Some scholarly writers tell us that very few books are essential to a good
education. James Russell Lowell named five, which in his view embraced all the
essentials; namely, Homer, Dante, Shakespeare, Cervantes, and Goethe's Faust.
Prof. Charles E. Norton of Harvard remarked that this list might even be
abridged so as to embrace only Homer, Dante and Shakespeare. I can only
regard such exclusiveness as misleading, though conceding the many-sidedness
of these great writers. To extend the list is the function of all public libraries, as
well as of most of the private ones. Next after the really essential books, that
library will be doing its public good service which acquires all the important works
that record the history of man. This will include biography, travels and voyages,
science, and much besides, as well as history.
Special pains should be taken in every library to have every thing produced in its
own town, county, and State. Not only books, but all pamphlets, periodicals,
newspapers, and even broadsides or circulars, should be sought for and stored
up as memorials of the present age, tending in large part rapidly to disappear.
In selecting editions of standard authors, one should always discriminate, so as
to secure for the library, if not the best, at least good, clear type, sound, thick
paper, and durable binding. Cheap and poor editions wear out quickly, and have
to be thrown away for better ones, which wise economy should have selected in
the first place. For example, a widely circulated edition of Scott's novels, found in
most libraries, has the type so worn and battered by the many large editions
printed from the plates, that many letters and words are wanting, thus spoiling
not only the pleasure but abridging the profit of the reader in perusing the
novels. The same is true of one edition of Cooper. Then there are many cheap
reprints of English novels in the Seaside and other libraries which abound in
typographical errors. A close examination of a cheap edition of a leading English
novelist's works revealed more than 3,000 typographical errors in the one set of
books! It would be unpardonable carelessness to buy such books for general
reading because they are cheap.
Librarians should avoid what are known as subscription books, as a rule, though
some valid exceptions exist. Most of such books are profusely illustrated and in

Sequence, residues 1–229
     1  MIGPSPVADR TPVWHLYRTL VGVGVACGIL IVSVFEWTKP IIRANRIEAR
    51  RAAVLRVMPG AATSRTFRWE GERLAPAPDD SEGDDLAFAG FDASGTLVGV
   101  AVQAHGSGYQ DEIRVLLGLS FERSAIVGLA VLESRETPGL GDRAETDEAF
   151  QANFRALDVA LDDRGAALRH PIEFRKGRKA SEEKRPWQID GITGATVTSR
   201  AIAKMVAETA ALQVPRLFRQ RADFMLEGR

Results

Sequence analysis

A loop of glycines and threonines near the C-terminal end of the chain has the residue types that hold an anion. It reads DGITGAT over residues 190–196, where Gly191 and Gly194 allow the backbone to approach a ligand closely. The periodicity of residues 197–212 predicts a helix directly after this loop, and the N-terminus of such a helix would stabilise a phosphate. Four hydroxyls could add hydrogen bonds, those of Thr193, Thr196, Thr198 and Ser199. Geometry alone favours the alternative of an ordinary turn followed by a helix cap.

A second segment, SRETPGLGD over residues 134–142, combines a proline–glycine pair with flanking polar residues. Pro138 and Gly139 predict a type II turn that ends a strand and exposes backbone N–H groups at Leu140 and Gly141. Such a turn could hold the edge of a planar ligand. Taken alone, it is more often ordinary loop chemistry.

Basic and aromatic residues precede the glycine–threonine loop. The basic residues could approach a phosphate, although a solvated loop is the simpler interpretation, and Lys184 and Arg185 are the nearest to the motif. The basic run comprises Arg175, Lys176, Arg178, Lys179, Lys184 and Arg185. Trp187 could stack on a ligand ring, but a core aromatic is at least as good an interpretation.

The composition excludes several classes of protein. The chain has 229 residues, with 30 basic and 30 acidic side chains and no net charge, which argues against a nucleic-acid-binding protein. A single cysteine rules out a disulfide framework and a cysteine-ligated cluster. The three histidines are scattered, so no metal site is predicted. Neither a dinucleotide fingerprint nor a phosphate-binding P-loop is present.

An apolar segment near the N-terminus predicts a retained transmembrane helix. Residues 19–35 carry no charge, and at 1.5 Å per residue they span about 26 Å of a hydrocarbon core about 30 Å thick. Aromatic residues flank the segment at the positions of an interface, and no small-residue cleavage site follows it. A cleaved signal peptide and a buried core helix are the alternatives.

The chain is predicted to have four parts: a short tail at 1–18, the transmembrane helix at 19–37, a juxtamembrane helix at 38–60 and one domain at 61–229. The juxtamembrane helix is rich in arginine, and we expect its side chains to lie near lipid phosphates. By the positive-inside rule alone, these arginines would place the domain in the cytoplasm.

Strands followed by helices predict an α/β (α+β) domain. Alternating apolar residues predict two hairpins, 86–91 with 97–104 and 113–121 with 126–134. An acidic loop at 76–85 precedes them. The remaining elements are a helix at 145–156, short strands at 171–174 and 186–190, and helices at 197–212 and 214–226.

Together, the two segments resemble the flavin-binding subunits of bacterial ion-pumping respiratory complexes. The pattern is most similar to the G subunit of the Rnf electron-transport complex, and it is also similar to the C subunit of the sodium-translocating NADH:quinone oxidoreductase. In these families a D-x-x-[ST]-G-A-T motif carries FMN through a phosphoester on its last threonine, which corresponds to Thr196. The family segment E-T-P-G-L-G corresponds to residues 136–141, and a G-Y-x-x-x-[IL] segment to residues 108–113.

gaudy bindings, gotten up to dazzle the eye. If works of merit, it is better to
wait for them, than to subscribe for an unfinished work, which perhaps may
never reach completion.
A librarian or book collector should be ever observant of what he may find to
enrich his collection. When in a book-store, or a private of public library, he
should make notes of such works seen as are new to him, with any
characteristics which their custodian may remark upon. Such personal
examination is more informing than any catalogue.
I think each public library should possess, besides a complete set of the English
translations of the Greek and Latin classics, a full set of the originals, for the
benefit of scholarly readers. These classic texts can be had complete in modern
editions for a very moderate price.
How far duplicate volumes should be bought should depend upon demand, and
the views of the purchasing powers. There is a real need of more than one copy
of almost every standard work, else it will be perpetually out, giving occasion for
numerous complaints from those who use the library. It would be a good rule to
keep one copy always in, and at the service of readers, of every leading history,
standard poet, or popular novel. Then the duplicate copies for circulation may be
one or more, as experience and ability to provide may determine: A library which
caters to the novel-reading habit as extensively as the New York Mercantile (a
subscription library) has to buy fifty to one hundred copies of "Trilby," for
example, to keep up with the demand. No such obligation exists for the free
public libraries. They, however, often buy half a dozen to a dozen copies of a
very popular story, when new, and sell them out after the demand has slackened
or died away.